There were a few new or adjusted vehicles. The “attack boats” were a Callisto class boat, as seen in the previous game, but with a change to a missile launcher in place of the forward twin gun. It is a modular design (the turrets on the models are magnetised). The two smaller boats notionally have vertical launch cells under the bow cover. These still acted like one unit, although in retrospect I think I should have upped the defence value and/or the hits that could be taken, especially on the larger Ganymede.
Ganymede 8 missiles; Leda & Ersa 4 each
Pz 35 “Hornisse”
The British started with 2 groups of 4 Chieftains, one of 4 Ferret’s and the naval group of Ganymede, Leda and Ersa plus the command group, see the header picture.
The NAU had 3 groups of 4 Wespe, 1 group of 4 Hornisse and the command group.
The Hornisse models are envisaged as earlier models which have not been completely replaced by a later version, but are ideal for service in a riverine/swamp environment (maybe they should be better than grav vehicles over this kind of terrain. I always envisaged grav vehicles having more “mushy” responsiveness over wide stretches of water)
Ersa and Leda are also from GZG. The Hornisse is from the Osario from the Scotia range. As an objective I thought about both making this the command groups or taking the previous route; the British was to get the Callisto off the far river edge with the NAU needing to prevent this. In the end I went for just targeting the naval group and playing out a few turns.
Activation worked as previously, but I forgot about the “exploding 6’s” for hits. It seemed likely to be a more destructive game anyway…
Here is an “drone” shot of the initial set up:
With shots from the British perspective:
And the NAU positions:
The NAU took the initiative moving the green Pz 37 unit up, seen at the bottom of the drone recce photo, and the corresponding yellow unit to the top. The yellow unit benefited from a stealth card requiring an additional 2 acquisition dice. The British Ferrets activating next were unable to move, but prepped for future activation with the idea that they would designate targets for the missiles on the naval units if possible. The Ganymede group also moved up and were able to acquire and aim at the NAU yellow group having rolled three 6’s.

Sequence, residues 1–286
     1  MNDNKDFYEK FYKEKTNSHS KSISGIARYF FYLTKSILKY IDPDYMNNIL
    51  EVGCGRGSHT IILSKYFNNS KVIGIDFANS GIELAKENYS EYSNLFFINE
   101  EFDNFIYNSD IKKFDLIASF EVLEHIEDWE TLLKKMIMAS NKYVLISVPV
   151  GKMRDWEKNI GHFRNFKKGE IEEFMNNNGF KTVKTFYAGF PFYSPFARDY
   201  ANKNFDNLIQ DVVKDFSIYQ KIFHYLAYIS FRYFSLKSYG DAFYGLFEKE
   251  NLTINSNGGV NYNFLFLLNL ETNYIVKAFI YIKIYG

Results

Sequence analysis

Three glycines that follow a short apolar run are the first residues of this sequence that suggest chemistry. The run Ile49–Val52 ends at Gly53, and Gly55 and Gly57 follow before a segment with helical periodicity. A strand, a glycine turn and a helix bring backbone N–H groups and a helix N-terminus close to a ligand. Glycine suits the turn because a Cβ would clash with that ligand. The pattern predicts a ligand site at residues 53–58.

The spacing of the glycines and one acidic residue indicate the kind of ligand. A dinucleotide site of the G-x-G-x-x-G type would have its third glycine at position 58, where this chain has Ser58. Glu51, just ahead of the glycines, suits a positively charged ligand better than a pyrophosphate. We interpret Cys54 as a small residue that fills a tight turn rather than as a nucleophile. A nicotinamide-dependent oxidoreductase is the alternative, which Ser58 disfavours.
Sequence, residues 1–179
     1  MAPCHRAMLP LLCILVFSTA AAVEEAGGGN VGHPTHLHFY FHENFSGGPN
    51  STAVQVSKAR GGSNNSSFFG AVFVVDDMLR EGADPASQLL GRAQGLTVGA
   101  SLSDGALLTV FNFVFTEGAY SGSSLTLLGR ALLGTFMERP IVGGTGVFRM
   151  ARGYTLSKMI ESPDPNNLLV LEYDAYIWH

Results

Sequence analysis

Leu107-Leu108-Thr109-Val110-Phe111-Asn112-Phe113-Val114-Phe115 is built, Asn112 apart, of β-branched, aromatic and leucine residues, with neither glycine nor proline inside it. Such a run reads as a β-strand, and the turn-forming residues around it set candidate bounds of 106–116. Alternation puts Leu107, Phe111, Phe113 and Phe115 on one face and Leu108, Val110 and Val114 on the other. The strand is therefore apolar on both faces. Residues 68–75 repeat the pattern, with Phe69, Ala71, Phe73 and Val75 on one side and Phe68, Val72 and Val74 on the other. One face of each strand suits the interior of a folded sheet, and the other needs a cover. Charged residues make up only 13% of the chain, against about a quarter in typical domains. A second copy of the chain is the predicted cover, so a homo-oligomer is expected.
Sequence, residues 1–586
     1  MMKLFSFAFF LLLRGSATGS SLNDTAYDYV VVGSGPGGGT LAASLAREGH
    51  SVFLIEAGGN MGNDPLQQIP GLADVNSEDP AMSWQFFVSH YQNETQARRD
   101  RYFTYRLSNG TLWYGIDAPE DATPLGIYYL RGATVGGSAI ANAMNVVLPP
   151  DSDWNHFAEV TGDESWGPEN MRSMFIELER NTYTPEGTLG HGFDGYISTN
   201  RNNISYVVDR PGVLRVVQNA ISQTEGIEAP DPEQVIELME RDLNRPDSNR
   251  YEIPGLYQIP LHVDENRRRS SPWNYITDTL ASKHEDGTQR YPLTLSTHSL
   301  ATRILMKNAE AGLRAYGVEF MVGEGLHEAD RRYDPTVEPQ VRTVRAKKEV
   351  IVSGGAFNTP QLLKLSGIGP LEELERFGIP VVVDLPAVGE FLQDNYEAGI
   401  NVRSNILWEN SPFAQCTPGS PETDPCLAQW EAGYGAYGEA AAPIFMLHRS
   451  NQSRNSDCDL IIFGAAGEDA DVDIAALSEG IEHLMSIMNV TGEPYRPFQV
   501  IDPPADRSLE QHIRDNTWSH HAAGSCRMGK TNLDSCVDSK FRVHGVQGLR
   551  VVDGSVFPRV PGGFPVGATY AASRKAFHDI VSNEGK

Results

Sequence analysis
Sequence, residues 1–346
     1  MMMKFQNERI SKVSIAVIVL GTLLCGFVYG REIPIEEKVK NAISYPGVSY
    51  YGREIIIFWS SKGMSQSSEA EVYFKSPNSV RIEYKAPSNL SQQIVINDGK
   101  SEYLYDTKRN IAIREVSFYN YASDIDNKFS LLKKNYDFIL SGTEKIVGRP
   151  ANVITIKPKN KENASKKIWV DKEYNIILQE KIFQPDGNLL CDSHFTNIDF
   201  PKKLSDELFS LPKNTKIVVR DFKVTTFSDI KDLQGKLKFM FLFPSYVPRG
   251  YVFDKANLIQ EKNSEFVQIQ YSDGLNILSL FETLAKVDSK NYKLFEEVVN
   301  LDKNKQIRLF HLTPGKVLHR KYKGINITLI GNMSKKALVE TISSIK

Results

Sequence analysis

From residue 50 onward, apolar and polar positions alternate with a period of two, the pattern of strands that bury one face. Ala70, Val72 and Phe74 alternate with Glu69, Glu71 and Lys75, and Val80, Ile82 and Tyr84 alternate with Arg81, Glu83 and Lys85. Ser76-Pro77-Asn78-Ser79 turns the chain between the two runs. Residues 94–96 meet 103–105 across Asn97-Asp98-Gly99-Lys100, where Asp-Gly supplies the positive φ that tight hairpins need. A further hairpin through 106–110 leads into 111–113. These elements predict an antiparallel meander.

The cautious positioning continued since the British had no data link and the GBR yellow group were therefore unable to acquire the stealthed NAU yellows. No firing took place this turn.
The NAU again gained the initiative (on exactly the same number of dice as the GBR), continuing a theme from the last game.
NAU command had rolled two 6 (one of which could be used as data link) and two “shoot” dice last turn. The dice rolled for the last turn continue to be available until a unit activates in the subsequent turn and rolls a new “hand” of dice.
The NAU orange “Hornisse” hover tanks moved forward in the centre, but were unable to find a target in line of sight. However, NAU blue had no such difficulty. Moving to acquire the naval group they launched a 15 dice attack. Despite the GBR side using a card for a D6 firer systems down, resulting in a reduction of only 1 attack dice to 14. A roll of 6655 didn’t seem too threatening, until the 8 defence dice yielded no blocks! A further desperate defensive systems card for the GBR took out one of the critical hits, but under the new rules either critical (6) or a double hit (55) would destroy a target. While the card saved the Ganymede the Ersa and Leda were destroyed.